Document Type


Publication Date


Publication Title

Molecular cancer [electronic resource]


Agonist; Apoptosis; Autophagy; KRAS; NSCLC; Therapy


BACKGROUND: Lung cancer patients with KRAS mutation(s) have a poor prognosis due in part to the development of resistance to currently available therapeutic interventions. Development of a new class of anticancer agents that directly targets KRAS may provide a more attractive option for the treatment of KRAS-mutant lung cancer.

RESULTS: Here we identified a small molecule KRAS agonist, KRA-533, that binds the GTP/GDP-binding pocket of KRAS. In vitro GDP/GTP exchange assay reveals that KRA-533 activates KRAS by preventing the cleavage of GTP into GDP, leading to the accumulation of GTP-KRAS, an active form of KRAS. Treatment of human lung cancer cells with KRA-533 resulted in increased KRAS activity and suppression of cell growth. Lung cancer cell lines with KRAS mutation were relatively more sensitive to KRA-533 than cell lines without KRAS mutation. Mutating one of the hydrogen-bonds among the KRA-533 binding amino acids in KRAS (mutant K117A) resulted in failure of KRAS to bind KRA-533. KRA-533 had no effect on the activity of K117A mutant KRAS, suggesting that KRA-533 binding to K117 is required for KRA-533 to enhance KRAS activity. Intriguingly, KRA-533-mediated KRAS activation not only promoted apoptosis but also autophagic cell death. In mutant KRAS lung cancer xenografts and genetically engineered mutant KRAS-driven lung cancer models, KRA-533 suppressed malignant growth without significant toxicity to normal tissues.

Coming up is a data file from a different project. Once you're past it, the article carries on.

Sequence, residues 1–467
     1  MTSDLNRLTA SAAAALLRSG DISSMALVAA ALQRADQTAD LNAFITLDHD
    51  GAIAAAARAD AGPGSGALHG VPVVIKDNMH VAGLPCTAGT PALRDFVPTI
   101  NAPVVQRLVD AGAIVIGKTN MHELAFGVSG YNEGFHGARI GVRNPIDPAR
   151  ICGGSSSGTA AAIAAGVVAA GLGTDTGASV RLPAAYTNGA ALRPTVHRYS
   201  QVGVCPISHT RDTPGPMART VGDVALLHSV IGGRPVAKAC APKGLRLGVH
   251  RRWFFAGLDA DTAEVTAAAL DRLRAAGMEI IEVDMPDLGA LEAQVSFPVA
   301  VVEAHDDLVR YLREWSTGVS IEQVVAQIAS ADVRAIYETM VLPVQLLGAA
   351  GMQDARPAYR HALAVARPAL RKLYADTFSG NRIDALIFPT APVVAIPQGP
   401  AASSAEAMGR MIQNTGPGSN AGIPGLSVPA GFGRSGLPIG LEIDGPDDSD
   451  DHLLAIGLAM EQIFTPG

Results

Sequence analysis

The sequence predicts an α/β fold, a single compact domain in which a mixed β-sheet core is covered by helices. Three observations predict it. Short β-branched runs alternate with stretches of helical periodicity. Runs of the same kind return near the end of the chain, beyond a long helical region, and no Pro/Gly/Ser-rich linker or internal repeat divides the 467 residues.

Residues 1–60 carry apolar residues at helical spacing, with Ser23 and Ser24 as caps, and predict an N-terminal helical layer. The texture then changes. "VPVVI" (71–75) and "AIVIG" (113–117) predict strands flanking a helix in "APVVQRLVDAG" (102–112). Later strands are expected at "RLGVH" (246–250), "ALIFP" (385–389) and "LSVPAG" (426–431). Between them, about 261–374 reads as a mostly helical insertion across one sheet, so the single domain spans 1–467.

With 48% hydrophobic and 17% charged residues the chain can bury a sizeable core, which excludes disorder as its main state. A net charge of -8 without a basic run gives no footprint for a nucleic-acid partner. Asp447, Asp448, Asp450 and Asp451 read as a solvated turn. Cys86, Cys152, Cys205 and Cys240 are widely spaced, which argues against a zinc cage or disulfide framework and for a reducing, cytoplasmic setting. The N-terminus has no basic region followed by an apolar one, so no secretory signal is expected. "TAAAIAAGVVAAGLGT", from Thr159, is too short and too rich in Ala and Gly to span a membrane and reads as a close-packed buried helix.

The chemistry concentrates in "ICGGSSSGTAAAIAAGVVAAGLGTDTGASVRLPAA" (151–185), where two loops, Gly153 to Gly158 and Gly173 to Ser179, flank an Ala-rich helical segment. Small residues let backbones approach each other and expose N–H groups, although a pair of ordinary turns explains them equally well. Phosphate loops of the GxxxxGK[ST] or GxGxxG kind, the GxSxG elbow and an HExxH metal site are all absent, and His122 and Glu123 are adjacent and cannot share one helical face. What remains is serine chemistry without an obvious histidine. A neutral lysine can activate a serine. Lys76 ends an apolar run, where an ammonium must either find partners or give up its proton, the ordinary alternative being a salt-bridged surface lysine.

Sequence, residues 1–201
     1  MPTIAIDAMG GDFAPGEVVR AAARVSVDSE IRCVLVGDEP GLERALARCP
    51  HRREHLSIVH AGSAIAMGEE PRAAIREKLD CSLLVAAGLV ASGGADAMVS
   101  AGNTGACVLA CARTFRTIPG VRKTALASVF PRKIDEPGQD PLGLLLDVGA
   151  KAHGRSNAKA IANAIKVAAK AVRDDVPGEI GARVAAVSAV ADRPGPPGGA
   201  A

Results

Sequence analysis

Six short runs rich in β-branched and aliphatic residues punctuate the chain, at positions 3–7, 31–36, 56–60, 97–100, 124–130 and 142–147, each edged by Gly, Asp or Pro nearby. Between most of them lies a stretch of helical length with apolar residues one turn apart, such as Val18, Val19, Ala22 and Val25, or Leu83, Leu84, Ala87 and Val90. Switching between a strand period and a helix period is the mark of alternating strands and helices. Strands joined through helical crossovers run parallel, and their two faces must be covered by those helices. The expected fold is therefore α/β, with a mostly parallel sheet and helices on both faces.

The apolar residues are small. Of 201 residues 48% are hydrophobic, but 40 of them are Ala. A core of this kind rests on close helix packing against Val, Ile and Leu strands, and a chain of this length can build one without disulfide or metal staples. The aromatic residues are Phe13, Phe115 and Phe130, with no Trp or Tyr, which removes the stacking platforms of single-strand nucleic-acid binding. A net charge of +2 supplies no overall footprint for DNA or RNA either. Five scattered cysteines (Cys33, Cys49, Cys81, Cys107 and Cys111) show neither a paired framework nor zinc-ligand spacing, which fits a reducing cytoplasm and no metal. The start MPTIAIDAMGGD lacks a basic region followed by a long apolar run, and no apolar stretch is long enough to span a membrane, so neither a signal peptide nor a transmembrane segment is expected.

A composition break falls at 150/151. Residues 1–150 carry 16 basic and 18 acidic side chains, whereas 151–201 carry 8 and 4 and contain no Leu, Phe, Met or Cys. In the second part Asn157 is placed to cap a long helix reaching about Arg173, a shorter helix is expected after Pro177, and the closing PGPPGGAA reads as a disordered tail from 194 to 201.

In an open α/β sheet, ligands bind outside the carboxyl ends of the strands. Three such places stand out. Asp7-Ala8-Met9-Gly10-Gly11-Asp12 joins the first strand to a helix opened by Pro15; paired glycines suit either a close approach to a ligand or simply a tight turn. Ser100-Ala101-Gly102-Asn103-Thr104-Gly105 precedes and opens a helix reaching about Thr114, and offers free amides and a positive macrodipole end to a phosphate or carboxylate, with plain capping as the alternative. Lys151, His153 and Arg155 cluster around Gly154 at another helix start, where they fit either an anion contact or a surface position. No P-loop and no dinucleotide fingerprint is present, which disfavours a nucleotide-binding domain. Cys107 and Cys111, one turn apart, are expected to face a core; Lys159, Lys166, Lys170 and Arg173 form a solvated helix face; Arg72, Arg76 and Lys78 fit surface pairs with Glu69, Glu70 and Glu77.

CONCLUSIONS: The development of this KRAS agonist as a new class of anticancer drug offers a potentially effective strategy for the treatment of lung cancer with KRAS mutation and/or mutant KRAS-driven lung cancer.

Clinical Institute



Institute for Systems Biology